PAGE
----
See AIPP::Border for more on this.


Fixtures are static YAML data files in the fixtures/ subdirectory. All fixtures are read automatically, e.g. the contents of the lib/aipp/regions/REGION/fixtures/aerodromes.yml will be available from AIPP.fixtures.aerodromes.

Read on for how to best use fixtures.


When parsed data is faulty or missing, you may fall back to fixtures instead. This is where patches come in. You can patch any AIXM attribute setter by defining a patch block inside the AIP parser and accessing the static data via parser.fixture:

module AIPP::LF::AIP
  class AD2 < AIP

    patch AIXM::Feature::Airport, :z do |object, value|
      throw(:abort) unless value.nil?
      throw(:abort, 'fixture missing') unless z = AIPP.fixtures.aerodromes.dig(, 'z')
      AIXM.z(z, :qnh)


The patch receives the object and the value which is about to be assigned. It should implement something along these lines:

  • If the value is okay, throw(:abort) to leave the patch block without touching anything.
  • Otherwise, try to fetch a better value e.g. from the fixtures. If no better value can be found (e.g. outdated fixtures), throw(:abort, "reason") to leave the patch block and fail with a useful error message which contains the reason thrown.
  • At last, build and return the value object which will be assigned instead of the original value.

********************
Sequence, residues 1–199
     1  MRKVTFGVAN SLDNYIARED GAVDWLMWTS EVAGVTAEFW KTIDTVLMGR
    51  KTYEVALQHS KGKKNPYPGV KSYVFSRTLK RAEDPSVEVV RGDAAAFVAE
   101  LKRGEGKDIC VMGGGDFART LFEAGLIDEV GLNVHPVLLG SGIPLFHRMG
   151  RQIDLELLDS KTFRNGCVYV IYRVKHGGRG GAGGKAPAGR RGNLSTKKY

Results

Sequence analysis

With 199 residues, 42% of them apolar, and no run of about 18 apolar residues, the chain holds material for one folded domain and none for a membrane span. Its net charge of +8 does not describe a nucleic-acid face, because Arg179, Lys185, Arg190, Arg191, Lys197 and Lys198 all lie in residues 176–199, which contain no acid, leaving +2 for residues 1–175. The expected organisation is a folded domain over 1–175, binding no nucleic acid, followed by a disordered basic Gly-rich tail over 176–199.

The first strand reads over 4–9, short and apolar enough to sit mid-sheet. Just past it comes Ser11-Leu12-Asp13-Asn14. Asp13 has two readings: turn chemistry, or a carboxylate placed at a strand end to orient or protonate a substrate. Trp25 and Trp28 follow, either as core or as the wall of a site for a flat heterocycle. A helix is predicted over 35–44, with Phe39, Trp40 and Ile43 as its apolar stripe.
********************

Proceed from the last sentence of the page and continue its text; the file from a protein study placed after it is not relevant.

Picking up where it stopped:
Source File Line Numbers

In order to reference the source of an AIXM/OFMX feature, it's necessary to know the line number where a particular node occurs in the HTML source file. You can ask any HTML element as follows:



You should fail on fatal problems which must be fixed. The --debug-on-error command line argument will open a debug session when such an error occurs. Issue errors as usual:

fail "my message"


You should warn on non-fatal problems which should be fixed (default) or might be ignored (severe: false). The --debug-on-warning ID command line argument will open a debug session when then warning with the given ID occurs. To issue a warning:

warn("my message")

Less important warnings are only shown if the --verbose mode is set:

warn("my message", severe: false)



Use info for essential info messages:

info("my message")                  # displays "my message" in black
info("my message", color: :green)   # displays "my message" in green

verbose info